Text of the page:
Bush Urges Elderly To Work Through Complexities Of Drug Plan To Reap Its Rewards

(ORLANDO, Fla.) -- Hoping to boost enrollment in new Medicare drug coverage and increase the program's popularity, President Bush defended it Wednesday against criticism that the signup process is too confounding for seniors and too expensive for taxpayers.

Polls show most who have enrolled are happy to get help with their medicine costs. But many seniors and those trying to help them still are complaining about the program's complexity. Most people have more than 40 plans to select from, and savings vary depending on the medicines needed, income levels and the plan chosen.

But Bush, finishing a three-day swing through the state with the highest percentage of senior citizens, said choice is a crucial element of the program.

For one thing, he said that making several plans available creates competition that is driving down the program's cost -- a chief complaint of conservatives who have bemoaned the enormous expense of the new government benefit.

Also, "not everybody's needs are the same," the president said.

"The program is not as complicated as one would initially think," he said during an appearance at the Puerto Rican Club of Central Florida. "And there are lot of people who can help you."

The new program allows 43 million seniors and disabled people to enroll in a government-paid private plan that will subsidize the cost of their prescription medications through Medicare. About 37 million people have now either signed up or been automatically enrolled, so federal officials from Bush on down are engaged in an all-out push to spread the word to those remaining and help them navigate the process of selecting a plan.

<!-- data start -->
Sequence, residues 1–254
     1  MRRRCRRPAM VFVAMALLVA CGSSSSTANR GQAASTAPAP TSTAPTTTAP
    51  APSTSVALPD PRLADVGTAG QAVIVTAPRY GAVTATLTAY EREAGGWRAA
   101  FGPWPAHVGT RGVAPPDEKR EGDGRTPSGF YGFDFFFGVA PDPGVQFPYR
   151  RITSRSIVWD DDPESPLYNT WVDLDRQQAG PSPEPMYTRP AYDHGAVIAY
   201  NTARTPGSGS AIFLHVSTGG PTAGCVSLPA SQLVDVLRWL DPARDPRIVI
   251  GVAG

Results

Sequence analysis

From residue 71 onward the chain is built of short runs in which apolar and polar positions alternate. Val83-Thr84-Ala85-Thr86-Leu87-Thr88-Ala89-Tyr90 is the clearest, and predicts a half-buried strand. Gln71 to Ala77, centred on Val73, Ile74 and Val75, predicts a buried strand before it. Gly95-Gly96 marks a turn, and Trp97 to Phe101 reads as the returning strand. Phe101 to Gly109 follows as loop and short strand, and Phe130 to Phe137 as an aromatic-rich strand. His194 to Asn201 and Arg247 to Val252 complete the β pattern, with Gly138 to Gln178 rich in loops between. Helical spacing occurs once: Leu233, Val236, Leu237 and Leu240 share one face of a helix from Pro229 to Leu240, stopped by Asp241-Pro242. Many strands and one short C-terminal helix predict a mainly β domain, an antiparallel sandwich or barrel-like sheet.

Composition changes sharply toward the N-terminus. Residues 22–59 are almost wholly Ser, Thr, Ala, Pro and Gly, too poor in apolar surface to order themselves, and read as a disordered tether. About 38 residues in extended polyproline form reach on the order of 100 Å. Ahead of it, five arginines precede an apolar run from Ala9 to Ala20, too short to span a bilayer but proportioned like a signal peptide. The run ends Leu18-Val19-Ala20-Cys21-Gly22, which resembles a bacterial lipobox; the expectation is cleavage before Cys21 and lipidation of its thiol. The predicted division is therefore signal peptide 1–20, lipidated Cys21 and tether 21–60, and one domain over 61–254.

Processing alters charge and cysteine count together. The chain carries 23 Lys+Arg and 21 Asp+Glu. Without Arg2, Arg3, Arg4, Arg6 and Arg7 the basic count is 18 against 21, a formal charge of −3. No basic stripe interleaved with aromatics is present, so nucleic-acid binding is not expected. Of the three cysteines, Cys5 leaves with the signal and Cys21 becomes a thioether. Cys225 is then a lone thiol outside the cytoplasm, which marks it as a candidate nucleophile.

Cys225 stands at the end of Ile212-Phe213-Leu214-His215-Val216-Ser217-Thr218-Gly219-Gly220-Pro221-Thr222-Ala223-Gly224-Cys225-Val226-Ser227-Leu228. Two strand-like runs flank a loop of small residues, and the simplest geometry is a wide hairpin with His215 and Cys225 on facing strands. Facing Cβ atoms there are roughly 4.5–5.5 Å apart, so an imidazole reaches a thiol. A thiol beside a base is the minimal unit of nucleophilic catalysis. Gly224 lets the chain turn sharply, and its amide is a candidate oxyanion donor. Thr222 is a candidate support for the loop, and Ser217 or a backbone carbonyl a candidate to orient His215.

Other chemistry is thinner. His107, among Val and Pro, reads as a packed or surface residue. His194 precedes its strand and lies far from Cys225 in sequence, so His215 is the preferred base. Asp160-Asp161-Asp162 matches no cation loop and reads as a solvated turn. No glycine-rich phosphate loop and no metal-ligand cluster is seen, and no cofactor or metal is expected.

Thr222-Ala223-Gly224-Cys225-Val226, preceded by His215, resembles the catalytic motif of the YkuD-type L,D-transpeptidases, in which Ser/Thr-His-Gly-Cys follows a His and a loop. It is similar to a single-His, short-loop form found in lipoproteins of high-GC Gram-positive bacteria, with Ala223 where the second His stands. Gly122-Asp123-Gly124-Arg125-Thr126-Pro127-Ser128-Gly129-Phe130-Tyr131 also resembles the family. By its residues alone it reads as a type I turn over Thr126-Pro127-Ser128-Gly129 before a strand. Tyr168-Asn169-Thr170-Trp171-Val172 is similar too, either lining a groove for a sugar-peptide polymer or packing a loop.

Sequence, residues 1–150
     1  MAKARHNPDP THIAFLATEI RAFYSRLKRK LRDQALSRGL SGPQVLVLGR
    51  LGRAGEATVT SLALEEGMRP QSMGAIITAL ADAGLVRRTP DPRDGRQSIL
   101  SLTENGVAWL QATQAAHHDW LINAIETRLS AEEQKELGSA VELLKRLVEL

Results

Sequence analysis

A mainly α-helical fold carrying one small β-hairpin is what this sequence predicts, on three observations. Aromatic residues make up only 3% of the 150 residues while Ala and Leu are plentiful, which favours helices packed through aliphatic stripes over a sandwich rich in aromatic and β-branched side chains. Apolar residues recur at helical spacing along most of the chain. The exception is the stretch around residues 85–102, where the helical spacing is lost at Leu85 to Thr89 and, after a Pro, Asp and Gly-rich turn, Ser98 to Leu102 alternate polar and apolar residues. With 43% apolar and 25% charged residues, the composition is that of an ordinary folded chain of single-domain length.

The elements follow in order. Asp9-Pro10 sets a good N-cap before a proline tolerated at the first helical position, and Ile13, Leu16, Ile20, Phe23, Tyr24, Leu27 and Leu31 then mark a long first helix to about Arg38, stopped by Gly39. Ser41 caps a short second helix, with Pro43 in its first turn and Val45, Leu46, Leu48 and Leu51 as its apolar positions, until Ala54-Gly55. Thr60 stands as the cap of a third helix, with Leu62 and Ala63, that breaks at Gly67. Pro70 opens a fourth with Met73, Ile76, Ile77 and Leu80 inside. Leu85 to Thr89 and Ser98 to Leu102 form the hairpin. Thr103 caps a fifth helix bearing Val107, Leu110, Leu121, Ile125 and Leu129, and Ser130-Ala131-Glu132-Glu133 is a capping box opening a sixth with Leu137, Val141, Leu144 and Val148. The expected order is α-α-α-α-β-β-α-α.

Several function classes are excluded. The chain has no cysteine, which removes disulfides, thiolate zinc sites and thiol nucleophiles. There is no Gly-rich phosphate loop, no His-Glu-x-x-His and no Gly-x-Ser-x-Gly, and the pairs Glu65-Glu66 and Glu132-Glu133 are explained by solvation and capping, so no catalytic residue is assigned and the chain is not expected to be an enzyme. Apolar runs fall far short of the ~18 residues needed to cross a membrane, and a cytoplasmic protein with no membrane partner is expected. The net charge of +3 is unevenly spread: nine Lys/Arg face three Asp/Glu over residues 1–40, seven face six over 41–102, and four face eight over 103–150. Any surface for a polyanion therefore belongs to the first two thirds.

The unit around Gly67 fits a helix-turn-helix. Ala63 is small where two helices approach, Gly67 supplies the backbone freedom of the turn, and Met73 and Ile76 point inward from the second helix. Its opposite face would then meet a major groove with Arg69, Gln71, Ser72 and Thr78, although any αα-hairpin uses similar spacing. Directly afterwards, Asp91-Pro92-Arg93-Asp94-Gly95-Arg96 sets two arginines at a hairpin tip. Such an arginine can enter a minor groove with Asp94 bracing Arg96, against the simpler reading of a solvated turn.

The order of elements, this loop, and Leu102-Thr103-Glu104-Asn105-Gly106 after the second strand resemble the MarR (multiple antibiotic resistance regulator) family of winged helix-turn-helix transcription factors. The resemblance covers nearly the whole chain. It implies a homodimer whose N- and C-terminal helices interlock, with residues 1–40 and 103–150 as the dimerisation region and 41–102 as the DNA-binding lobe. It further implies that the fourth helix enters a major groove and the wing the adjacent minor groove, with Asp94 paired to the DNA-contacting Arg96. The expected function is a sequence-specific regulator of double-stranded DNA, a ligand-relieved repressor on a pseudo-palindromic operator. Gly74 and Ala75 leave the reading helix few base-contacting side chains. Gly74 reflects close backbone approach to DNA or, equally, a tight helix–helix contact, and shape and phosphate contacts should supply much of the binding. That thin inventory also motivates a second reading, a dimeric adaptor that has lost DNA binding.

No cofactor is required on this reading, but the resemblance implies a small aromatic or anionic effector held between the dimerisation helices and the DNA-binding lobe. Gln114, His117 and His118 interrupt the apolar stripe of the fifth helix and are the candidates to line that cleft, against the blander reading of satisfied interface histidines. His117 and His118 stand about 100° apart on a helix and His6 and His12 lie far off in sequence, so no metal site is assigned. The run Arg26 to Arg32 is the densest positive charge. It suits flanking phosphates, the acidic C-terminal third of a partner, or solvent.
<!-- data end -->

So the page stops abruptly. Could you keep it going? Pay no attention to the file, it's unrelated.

The president is working against two clocks: Monday's fast-approaching deadline to enroll without the penalty of higher premiums and the fall's midterm elections.

Democrats, advocacy groups for seniors and others have called on Bush to extend the May 15 deadline to sign up for the coverage. Those who do not enroll by then -- except for low-income retirees -- face higher premiums.

In Washington on Wednesday, Senate Minority Leader Harry Reid and House Democratic Leader Nancy Pelosi were gathering about 200 seniors to repeat that plea. "Millions of seniors run the risk of paying the price for the confusing and complicated program," said a statement from their offices.

Bush has repeatedly rejected the idea of extending the deadline.

That's in part because the White House and congressional Republicans are hoping that the glitches of the program's early days and the confusing signup process will have faded from memory by the fall midterm elections, replaced by widespread satisfaction with having help from Medicare with prescription drug costs for the first time.

As the controlling party in Congress, Republicans would like to see the elderly give them credit in the voting booth for enacting a popular benefit.

Before a mostly Latino audience -- the poor and minorities are lagging behind in signing up for the prescription drug benefit -- Bush urged the elderly to at least look at the program and take advantage of the help offered. He said the average senior citizen sees drug costs cut by half through the program.

"We're here today to talk about a Medicare plan that I believe's a good deal for America's seniors," the president said. "It's very important for people to understand there are significant savings for you involved in this plan."

(Copyright 2006 by The Associated Press. All Rights Reserved.)